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Some Assembly Required

Summer is a great time to visit the Finger Lakes Region of New York. There’s plenty to do and certainly an ample number of world class wineries to visit. If the menfolk get bored with visiting the wineries, there’s the Glenn Curtiss Museum in Hammondsport, NY which holds a lot of history for those of us who are interested in machines from bicycles, to dirigibles, to motorcycles, and then to airplanes. Glenn Curtiss was involved in all of these things and because of him, our modern aviation industry had it birth right here in Hammondsport, NY.

Glenn Curtiss’s V8 Powered Motorcycle

I can never pass up looking at Glenn Curtiss’s V8 powered motorcycle in which he set a speed record of 136 mph in 1907 – the year that my father was born. When I was growing up on a farm in Ohio in the late forties and early fifties, a single speed bicycle was my only means of transportation and I used to dream about having a Whizzer Motorbike so I didn’t have to work so hard peddling my bicycle on the gravel country roads in Ohio. But in Hammondsport, NY, Glenn Curtiss had already established himself as the fastest man on earth some fifty years earlier on his V8 powered motorcycle.

A 3/4 Model of the P-40 Warhawk

The Glenn Curtiss Museum has been newly remodeled with extra space devoted to expanded bathrooms, a larger gift shop, and executive offices on the second floor. But the real attention getter which caught my eye is housed in another building outback: the restoration project of a P40 Warhawk. There were some 13, 700 P40’s produced between 1940 and 1944. They were powered by a 1,150 hp Allison V-1710 – 39 engine. Cruising speed was 308 mph and they were armed with six .50 calbre machine guns mounted in the wings. The aircraft was capable of carrying one 500 pound bomb or six 20 pound bombs, depending upon the mission.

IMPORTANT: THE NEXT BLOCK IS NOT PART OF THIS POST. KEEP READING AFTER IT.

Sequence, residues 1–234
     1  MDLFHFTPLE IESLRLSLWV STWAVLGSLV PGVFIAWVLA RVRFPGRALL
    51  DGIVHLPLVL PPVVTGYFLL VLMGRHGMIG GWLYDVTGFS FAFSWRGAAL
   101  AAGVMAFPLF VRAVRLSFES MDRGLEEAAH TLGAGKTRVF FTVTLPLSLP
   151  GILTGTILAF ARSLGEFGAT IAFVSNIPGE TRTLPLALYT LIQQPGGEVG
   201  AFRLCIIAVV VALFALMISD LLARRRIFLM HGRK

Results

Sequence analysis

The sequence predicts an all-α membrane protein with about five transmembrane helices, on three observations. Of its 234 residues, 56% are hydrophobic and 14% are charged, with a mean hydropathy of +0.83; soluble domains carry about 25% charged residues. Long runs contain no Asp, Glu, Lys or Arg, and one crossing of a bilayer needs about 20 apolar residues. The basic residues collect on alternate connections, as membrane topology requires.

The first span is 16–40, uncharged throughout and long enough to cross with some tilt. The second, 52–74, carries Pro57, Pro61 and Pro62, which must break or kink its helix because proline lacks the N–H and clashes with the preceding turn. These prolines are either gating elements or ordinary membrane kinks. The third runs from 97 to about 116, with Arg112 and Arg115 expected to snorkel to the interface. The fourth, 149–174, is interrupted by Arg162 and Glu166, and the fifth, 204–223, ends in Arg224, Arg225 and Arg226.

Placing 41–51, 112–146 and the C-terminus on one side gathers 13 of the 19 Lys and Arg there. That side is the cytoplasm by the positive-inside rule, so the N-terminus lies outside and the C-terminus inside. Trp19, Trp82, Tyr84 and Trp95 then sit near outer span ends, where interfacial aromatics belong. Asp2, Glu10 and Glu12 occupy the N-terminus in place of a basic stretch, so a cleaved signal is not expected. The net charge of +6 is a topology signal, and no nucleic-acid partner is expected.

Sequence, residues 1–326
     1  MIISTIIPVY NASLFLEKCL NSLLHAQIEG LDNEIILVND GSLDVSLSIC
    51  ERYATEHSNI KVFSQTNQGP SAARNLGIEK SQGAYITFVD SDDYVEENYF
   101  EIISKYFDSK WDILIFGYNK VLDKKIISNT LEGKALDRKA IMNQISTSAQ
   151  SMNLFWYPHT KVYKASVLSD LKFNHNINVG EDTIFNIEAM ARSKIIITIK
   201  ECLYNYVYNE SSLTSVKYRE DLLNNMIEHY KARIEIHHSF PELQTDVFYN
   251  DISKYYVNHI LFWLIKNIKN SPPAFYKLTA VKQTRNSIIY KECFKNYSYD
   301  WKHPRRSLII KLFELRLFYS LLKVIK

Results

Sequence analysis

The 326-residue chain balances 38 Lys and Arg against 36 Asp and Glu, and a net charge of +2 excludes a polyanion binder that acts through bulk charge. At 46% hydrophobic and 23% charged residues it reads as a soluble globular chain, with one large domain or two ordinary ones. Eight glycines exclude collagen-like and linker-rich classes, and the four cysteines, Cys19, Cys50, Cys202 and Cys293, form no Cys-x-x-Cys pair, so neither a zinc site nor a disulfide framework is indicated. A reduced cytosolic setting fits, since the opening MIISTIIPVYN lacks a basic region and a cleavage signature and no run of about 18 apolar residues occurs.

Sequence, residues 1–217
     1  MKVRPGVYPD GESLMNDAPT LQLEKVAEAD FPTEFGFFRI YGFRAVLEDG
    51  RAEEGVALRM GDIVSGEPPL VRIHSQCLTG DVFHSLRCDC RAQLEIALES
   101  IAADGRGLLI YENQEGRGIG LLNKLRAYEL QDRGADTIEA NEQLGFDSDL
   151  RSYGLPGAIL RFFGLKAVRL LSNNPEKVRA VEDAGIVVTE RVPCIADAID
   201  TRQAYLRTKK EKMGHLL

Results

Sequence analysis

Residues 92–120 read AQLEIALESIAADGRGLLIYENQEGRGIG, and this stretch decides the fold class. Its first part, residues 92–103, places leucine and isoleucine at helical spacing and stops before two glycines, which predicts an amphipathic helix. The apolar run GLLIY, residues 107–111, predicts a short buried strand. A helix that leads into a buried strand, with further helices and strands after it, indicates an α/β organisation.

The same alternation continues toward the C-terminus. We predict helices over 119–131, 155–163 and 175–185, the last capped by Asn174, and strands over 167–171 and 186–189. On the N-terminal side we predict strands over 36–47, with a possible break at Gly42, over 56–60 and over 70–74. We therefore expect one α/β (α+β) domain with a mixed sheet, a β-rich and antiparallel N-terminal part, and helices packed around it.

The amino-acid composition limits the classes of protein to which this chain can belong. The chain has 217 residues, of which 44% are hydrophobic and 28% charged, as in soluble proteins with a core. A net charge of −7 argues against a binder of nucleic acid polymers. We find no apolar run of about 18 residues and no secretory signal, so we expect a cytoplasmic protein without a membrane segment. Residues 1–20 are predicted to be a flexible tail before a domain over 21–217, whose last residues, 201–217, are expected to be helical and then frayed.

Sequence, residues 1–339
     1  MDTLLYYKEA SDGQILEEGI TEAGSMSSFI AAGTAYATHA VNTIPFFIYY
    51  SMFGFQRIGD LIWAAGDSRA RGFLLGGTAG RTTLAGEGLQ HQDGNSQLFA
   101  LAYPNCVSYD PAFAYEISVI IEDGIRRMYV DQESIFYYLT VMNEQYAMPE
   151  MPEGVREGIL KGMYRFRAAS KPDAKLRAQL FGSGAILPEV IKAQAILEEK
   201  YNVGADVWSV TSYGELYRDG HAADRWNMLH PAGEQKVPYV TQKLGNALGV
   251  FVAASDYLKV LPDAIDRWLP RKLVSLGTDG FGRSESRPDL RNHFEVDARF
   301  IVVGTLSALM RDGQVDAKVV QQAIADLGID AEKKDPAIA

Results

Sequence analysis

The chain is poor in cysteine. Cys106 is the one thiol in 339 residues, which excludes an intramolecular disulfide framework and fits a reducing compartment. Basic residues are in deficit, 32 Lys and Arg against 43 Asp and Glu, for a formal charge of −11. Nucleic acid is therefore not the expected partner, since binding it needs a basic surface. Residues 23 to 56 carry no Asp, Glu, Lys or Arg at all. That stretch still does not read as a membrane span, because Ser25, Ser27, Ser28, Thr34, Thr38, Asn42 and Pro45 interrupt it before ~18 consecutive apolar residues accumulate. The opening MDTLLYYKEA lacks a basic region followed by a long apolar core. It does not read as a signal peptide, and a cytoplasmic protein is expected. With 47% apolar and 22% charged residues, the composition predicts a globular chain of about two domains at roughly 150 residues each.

The P-40 Under Restoration at the Museum

The P40 Warhawk under restoration was purchased in Aug. 2011 by the Museum. In 1943 two P-40’s collided in midair over the Everglades in Florida. The tail of one of the aircraft was completely severed in the collision. The Curtiss Museum paid to have the aircraft excavated from their watery grave in hopes that there would be enough pieces left to make one restored P-40 museum piece. It’s a project that will take many years to complete. The P-40 is a total sheet metal aircraft with tail surfaces and belly tanks made by locally based Mercury Aircraft.

The P-40 Warhawk in Flight

The P-40 wasn’t the fastest or the most maneuverable fighter aircraft of the WWII, but it was well loved by the pilots who flew it.

6 thoughts on “Some Assembly Required”

    1. Thank you singliofrei. I have not returned to see the latest progress that the Glenn Curtiss Museum is making on the P-40. This plane is being constructed from parts that came from two P-40’s that collided and crashed in the Florida Everglades. When completed, it will be just a museum piece, not a flyer.

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